Am I making sure that they feel secure in my building? Am I making sure that they feel well in my building? Am I making sure that they feel healthy in my building? And increasingly, that is something as basic as indoor air quality, which you kind of assume, and you take for granted, especially here in the US, but increasingly, I think there's an understanding that it is not only a healthy thing, but also, it is a productivity thing because the more healthy air that we breathe, the more cognitively functioning we're going to be, and that's ultimately going to help everybody. And so not only having indoor air quality, but demonstrating good indoor air quality to everybody that walks through the doors is important, along with holding the yoga classes or having the nice gym or having the healthy food options at the bottom of the building. 

And then we also are seeing digital elements of buildings that are changing. So when I say digital, it could be touchless technology. There's a lot of discussion right now, a joke about just using your Apple Wallet to be able to scan into buildings. Also, touchless technology of how you engage with elevators, how you go through the gates of getting into the building. Also, actual applications. So everything in our life is run off of applications, right? I mean, it's a no-brainer. You just pick up the phone and there's going to be an app for that. But that really doesn't always translate into our physical built environment right now. And so increasingly, landlords are saying, we're going to have a building app that our tenants can use that's going to connect them to each other, that's going to connect them to the building, and that's going to connect them to the community around them in the form of any kind of retail or entertainment that's out there. 

So all of a sudden, Lenny Beaudoin, who's our head of workplace strategy at CBRE, likes to say that the building is turning into a social network itself. And I love that terminology. So those are all the different ways that buildings in class A buildings are being redefined right now, nevermind all of the sort of shared amenity space, flexible office space that now landlords are being really challenged to operate on a higher level.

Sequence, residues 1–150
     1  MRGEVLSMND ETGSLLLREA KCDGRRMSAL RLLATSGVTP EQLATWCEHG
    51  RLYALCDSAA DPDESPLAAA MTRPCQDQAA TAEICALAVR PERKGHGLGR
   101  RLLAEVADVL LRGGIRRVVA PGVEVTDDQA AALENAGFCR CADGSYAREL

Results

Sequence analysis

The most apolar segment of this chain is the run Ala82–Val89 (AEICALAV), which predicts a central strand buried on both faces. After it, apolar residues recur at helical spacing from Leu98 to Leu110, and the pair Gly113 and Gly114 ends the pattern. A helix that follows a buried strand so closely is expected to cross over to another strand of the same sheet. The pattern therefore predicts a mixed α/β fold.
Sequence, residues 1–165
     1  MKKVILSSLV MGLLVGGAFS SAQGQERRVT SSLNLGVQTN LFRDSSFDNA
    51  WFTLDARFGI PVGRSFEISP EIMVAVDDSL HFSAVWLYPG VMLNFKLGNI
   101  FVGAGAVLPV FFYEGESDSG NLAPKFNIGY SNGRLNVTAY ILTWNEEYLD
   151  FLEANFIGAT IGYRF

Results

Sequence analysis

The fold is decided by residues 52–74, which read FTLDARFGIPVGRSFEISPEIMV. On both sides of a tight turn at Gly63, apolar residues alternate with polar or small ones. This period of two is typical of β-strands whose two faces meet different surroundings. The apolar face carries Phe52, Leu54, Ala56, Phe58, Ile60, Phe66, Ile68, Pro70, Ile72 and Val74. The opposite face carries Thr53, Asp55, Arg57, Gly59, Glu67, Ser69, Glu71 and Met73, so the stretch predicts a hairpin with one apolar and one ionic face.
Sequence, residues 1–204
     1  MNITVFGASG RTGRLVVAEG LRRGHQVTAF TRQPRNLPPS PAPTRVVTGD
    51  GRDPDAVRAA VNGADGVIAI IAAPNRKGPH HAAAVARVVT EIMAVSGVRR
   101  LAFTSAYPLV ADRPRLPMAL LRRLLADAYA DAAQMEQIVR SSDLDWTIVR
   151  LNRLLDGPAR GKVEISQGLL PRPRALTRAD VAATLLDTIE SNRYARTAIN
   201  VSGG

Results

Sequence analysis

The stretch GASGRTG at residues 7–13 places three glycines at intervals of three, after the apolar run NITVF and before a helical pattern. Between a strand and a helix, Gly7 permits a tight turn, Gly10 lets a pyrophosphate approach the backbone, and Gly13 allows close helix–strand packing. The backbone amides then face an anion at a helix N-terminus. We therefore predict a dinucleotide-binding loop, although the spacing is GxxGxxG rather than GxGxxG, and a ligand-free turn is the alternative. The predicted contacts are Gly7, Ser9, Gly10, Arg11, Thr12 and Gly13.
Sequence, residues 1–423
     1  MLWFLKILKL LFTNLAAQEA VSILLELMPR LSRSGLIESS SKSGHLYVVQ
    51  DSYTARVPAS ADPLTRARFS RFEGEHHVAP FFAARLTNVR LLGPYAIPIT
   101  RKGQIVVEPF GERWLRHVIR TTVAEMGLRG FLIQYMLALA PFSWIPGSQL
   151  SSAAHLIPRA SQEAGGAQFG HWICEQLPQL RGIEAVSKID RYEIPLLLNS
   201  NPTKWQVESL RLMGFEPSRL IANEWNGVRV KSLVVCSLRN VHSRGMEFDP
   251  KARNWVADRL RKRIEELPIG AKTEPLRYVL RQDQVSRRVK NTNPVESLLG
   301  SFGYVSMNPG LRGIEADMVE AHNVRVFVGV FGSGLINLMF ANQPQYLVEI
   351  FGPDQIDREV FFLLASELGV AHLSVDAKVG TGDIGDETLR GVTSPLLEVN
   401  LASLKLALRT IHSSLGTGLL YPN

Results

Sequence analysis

>> Right, I love it. I just had a post on the new LinkedIn Building 1 that they just opened recently. And they literally took out half, like, exactly half of what were workstations and replaced it, I think the headline is 75 different types of seating configurations. And I went to this design thing the other day and somebody said, "If you think of your space, you're trying to attract them. You have competition." And even you say at the end of your report, right? Make it so people want to come. And so to think of the coffee shop in the lobby or to think of even a club, and now I'm seeing kind of the clubby version of the WeWorks, if that's kind of the energy that you want to go with, and to your point, I think there'll be all this kind of segmentation about what is the environment that you're looking for right now to get done whatever it is you might have to get done.